Splenectomy in haematology - A 5-year single centre experience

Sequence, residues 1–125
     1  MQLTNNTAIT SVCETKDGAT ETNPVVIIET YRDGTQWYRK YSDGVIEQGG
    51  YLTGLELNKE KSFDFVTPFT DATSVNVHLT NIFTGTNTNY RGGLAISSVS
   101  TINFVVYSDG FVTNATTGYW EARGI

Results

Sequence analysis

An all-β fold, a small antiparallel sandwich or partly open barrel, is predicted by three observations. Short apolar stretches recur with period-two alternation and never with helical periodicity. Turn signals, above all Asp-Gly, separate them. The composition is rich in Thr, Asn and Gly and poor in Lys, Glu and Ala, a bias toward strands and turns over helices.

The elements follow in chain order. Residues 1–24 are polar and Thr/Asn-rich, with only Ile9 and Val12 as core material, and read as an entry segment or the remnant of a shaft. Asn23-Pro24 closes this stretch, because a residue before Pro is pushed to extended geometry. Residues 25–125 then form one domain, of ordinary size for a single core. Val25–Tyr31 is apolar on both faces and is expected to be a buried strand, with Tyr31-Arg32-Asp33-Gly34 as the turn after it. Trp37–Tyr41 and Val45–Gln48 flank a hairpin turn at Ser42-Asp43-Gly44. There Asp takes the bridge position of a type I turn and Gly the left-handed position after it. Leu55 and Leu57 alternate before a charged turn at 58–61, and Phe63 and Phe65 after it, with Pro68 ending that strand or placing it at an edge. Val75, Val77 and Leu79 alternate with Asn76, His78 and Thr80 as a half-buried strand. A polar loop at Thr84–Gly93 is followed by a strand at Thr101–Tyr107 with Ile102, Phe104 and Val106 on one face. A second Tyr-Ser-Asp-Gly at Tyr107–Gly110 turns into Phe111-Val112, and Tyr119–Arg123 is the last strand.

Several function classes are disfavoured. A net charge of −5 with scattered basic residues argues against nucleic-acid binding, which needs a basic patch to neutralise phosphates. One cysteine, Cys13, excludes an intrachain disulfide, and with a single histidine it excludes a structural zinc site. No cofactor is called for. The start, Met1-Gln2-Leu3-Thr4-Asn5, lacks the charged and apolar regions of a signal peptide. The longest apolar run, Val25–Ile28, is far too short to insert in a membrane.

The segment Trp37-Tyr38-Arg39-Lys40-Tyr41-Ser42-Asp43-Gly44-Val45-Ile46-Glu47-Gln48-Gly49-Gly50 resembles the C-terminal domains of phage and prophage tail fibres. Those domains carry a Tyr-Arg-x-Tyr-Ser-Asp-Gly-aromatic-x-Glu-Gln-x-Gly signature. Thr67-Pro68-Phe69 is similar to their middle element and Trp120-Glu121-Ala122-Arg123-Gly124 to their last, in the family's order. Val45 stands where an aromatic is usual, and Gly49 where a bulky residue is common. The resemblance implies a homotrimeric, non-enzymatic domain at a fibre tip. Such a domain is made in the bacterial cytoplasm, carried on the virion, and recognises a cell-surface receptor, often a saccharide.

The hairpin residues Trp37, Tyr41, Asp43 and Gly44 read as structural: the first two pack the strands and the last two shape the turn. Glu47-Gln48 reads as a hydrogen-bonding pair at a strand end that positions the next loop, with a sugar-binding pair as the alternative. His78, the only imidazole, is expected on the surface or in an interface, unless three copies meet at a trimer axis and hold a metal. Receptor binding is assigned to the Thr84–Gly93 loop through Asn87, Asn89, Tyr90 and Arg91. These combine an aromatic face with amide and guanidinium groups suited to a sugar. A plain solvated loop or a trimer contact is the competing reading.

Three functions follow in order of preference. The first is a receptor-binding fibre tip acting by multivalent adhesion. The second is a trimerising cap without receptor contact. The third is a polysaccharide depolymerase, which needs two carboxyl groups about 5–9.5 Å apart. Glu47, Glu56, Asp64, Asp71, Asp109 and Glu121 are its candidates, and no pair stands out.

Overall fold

Objective: To define indications and outcome in haematologic cases undergoing splenectomy. Study design: A retrospective review of clinica l records from consecutive patients having open or laparoscopic removal of the spleen in an academic centre in the private sector. Endpoints were survival, operating time, spleen size, histopathology, requirements for blood or related products complications and average costs. Results: In the total group (n = 69) there were two deaths. Referrals were for immune thrombocytopaenia (41%), acquired haemolytic anaemia (10%), myeloproliferative syndrome (9%), acute or chronic leukaemia (19%), lymphoma (13%) and a miscellaneous group (8%), comprising cholelithiasis, aplasia or as a diagnostic procedure for otherwise unexplained splenomegaly. An open midline approach was predicated by spleens greater than twice normal size and a history of any bleeding disorder. Here the mean operating time was 83-min (range 40-295) whereas for laparoscopy this was 251-min (range 181-272). Summary: Careful stratification between the two options facilitated optimum haemostasis and consequently reduced requirement for packed red cells and platelets. Neither underlying pathology nor the choice of treatment influenced morbidity or mortality. Overall local experience is consistent with published international standards of surgical practice. Outcome is directly proportional to the number of each procedure carried out by a single team, observance of consistent protocols for preoperative evaluation and standardized proactive management through the recovery period. © 2005 Taylor & Francis.